2 main types of Chemical Bonds:
1. Ionic Bond: attraction of a positively charged ion to a negatively charged ion. Atoms can gain or lose electrons to become charged ions.
Because of this opposite attraction, ionic bonds are strong. lonically bonded atoms create ionic compounds.
Ex: Table salt, sodium chloride,( NaCl) —attraction between positive sodium ion( Na+) a negative chloride( Cl-)
2. Covalent Bond: forms when 2 atoms overlap their outer energy levels in order to share valence elections. The shared electrons are attracted to the nuclei of both atoms. Covalent compounds are also called molecules.
is formed by covalent bandes
Bonding in Water:
The charged ends of one water molecule are attracted to the opposite charged regions of its neighboring water molecules. This is Hydrogen Bonding.
Main properties of Water:
1. Cohesion: an attraction of the same particles; Water is a polar molecule w/ a slightly negative and positive end. The negative end attracts the positive end of the water molecules. Due to this, water molecules act like tiny magnets and cling.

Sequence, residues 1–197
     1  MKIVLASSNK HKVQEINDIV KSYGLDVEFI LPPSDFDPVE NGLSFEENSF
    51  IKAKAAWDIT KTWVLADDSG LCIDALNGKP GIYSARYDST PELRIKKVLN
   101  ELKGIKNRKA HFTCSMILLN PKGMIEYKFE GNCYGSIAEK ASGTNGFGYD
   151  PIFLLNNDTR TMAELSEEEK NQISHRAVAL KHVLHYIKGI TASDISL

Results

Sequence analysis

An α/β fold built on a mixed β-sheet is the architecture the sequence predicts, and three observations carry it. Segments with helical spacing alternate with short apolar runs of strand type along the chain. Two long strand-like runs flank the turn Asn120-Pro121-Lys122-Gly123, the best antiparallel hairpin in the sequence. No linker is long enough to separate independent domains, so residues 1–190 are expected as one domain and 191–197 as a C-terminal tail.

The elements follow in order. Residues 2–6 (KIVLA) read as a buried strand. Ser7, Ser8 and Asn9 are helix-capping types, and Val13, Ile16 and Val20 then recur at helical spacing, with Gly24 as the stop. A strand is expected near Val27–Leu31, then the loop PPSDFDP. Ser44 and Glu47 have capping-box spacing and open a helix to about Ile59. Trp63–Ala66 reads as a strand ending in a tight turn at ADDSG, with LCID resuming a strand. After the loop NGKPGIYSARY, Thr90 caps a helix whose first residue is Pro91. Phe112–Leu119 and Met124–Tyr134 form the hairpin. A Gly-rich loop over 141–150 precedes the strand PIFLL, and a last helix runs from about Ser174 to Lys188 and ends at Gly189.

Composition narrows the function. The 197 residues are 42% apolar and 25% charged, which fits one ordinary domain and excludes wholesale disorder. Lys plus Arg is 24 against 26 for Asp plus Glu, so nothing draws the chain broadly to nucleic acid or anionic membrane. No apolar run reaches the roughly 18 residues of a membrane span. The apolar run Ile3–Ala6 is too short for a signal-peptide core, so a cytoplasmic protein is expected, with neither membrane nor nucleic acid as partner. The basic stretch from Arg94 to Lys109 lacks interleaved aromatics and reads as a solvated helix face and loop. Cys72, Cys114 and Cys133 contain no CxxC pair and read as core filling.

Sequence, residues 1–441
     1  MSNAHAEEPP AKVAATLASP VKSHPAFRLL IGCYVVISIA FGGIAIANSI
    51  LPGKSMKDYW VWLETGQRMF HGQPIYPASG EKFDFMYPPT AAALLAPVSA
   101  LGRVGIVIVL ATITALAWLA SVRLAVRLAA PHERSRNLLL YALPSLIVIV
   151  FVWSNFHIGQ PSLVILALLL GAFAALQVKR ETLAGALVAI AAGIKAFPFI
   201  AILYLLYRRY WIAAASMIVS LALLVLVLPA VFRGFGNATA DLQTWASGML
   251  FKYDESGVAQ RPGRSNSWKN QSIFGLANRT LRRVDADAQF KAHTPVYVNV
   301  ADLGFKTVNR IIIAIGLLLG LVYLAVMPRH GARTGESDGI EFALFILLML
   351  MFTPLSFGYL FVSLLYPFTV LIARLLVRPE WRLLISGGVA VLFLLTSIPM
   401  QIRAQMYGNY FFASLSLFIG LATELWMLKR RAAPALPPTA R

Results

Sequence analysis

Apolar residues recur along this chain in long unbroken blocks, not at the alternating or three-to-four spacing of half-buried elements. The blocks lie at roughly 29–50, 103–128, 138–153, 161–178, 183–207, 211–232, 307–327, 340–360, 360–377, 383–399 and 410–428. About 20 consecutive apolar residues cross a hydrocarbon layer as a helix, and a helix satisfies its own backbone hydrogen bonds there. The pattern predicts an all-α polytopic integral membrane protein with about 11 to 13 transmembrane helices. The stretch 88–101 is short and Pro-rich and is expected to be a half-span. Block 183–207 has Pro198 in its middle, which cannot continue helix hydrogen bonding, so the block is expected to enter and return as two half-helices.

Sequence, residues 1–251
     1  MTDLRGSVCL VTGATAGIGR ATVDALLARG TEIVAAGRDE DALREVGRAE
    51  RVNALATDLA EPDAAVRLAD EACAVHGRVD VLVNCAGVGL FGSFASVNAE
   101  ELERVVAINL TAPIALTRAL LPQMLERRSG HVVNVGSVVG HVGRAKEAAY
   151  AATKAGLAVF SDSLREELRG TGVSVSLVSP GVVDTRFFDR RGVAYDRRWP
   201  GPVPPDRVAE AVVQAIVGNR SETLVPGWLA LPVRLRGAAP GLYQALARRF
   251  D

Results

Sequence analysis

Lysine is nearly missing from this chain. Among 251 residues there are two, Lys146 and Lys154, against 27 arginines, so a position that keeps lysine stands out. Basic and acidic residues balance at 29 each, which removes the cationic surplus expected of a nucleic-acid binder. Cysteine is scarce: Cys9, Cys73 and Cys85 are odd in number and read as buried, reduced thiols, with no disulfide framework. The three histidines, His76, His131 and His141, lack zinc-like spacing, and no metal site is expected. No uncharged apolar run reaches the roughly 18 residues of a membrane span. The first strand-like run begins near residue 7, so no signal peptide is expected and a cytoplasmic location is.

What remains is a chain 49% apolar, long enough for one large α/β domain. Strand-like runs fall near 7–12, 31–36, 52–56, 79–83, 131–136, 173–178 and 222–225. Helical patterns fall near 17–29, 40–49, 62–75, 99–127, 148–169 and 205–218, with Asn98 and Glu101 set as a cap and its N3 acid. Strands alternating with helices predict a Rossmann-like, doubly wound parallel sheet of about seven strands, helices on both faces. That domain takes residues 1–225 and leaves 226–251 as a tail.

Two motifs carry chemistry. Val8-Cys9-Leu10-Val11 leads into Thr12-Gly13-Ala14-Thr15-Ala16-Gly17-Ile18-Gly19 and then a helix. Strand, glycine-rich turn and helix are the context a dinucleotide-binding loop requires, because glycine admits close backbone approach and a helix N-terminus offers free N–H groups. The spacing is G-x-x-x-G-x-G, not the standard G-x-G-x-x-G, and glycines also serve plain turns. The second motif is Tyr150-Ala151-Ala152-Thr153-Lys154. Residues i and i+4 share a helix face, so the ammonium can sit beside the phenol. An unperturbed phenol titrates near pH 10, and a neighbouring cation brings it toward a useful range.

2. Adhesion: attraction of water to a different substance. The polarity of water attracts many different substances.
Ex: water in a narrow tube: water's surface is higher than the center as it adheres to the surface of the tube.
3. Surface Tension: A measure of how different it is to stretch/ break the surface of a liquid. Hydrogen bonding in water molecules gives it a strong surface tension. Hydrogen bonds pull from the sides + bottom, but not the top. This uneven bonding pulls surface molecules down and closer.
—Surface Tension almost forms a thin, invisible film on the water's surface.
4. Capillary Action: Movement of water through a narrow tube. Occurs when forces of cohesion, adhesion, and surface tension work together. (Ex: water movement through a plant).
Expands when Freezes: